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Int J Ment Health Syst. 2009 Nov 24;3(1):26. doi: 10.1186/1752-4458-3-26.

Parental HIV/AIDS status and death, and children's psychological wellbeing.

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University of Glasgow, UK.



Ghana has an estimated one million orphans, 250,000 are due to AIDS parental deaths. This is the first study that examined the impact of parental HIV/AIDS status and death on the mental health of children in Ghana.


In a cross-sectional survey, 4 groups of 200 children (children whose parents died of AIDS, children whose parents died of causes other than AIDS, children living with parents infected with HIV/AIDS, and non-orphaned children whose parents are not known to be infected with HIV/AIDS) aged between 10 and 19 were interviewed on their hyperactivity, emotional, conduct, and peer problems using the Strengths and Difficulties Questionnaire.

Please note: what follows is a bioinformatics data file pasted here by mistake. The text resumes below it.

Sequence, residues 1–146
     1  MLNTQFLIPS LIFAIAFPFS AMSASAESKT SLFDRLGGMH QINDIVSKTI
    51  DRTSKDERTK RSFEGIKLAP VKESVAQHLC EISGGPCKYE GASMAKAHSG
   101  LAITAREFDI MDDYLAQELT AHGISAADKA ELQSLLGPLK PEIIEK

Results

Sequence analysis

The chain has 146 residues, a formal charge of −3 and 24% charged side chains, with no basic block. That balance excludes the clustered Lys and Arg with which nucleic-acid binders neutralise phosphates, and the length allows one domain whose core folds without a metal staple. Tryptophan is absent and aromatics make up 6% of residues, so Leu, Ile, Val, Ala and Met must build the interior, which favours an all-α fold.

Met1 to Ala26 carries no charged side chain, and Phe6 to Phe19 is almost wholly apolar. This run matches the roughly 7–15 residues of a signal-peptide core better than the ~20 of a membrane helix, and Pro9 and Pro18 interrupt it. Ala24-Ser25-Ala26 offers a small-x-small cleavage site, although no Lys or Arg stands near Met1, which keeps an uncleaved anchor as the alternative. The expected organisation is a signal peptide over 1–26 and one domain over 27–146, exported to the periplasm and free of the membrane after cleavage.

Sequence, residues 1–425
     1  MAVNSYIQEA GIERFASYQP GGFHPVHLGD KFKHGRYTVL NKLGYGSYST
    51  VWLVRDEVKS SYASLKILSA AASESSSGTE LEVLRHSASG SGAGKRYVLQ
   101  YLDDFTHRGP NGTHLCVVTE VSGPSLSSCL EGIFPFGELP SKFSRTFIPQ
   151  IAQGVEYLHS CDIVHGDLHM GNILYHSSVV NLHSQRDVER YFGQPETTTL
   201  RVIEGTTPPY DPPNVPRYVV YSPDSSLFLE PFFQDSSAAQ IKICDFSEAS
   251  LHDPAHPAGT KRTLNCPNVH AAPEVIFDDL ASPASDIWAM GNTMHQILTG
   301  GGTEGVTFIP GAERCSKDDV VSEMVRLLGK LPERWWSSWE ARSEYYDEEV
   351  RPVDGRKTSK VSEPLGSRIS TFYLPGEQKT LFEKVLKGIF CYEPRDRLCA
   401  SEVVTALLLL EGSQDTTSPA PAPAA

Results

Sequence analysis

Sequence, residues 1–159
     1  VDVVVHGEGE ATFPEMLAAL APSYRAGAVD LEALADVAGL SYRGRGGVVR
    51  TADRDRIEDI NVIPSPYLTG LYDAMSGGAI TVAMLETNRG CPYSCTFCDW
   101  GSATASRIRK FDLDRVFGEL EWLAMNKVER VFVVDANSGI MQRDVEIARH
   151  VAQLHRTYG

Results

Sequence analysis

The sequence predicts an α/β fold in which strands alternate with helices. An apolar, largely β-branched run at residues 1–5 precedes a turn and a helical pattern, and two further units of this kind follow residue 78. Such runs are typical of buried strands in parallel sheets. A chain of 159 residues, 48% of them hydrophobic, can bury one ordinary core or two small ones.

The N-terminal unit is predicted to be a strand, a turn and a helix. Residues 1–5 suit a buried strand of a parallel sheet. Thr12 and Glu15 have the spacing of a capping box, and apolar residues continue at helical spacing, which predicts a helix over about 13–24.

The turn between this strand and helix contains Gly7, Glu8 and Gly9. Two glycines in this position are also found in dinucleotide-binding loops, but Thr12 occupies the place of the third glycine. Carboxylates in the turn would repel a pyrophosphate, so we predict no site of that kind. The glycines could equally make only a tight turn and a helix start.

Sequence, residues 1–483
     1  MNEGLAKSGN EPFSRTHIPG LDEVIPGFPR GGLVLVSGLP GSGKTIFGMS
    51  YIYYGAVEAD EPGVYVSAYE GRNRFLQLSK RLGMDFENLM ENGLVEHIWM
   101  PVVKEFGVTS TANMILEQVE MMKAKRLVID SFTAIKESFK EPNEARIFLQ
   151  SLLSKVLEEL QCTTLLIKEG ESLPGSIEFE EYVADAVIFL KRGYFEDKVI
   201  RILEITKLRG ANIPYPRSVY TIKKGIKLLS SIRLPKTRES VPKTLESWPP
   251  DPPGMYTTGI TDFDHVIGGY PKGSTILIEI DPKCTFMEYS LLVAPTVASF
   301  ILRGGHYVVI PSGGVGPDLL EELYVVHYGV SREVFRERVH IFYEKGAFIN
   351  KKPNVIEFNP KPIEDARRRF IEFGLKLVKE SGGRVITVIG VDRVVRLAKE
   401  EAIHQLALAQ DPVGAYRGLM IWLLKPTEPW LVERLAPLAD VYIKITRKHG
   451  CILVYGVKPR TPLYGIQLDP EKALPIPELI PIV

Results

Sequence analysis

Children whose parents died of AIDS showed very high levels of peer problems [F (3,196) = 7.34, p < .001] whilst both orphaned groups scored similarly high on conduct problems [F (3, 196) = 14.85, p < .001]. Hyperactivity showed no difference and was very low in the entire sample. Emotional problems were very high in all the groups except among the non-orphaned children [F (3, 196) = 5.10, p < .001].


Orphans and children living with parents infected with HIV/AIDS are at heightened risks for emotional and behavioural disorders and that efforts to address problems in children affected by HIV/AIDS must focus on both groups of children. Parallel to this, researchers should see these findings as generated hypotheses (rather than conclusions) calling for further exploration of specific causal linkages between HIV/AIDS and children's mental health, using more rigorous research tools and designs.

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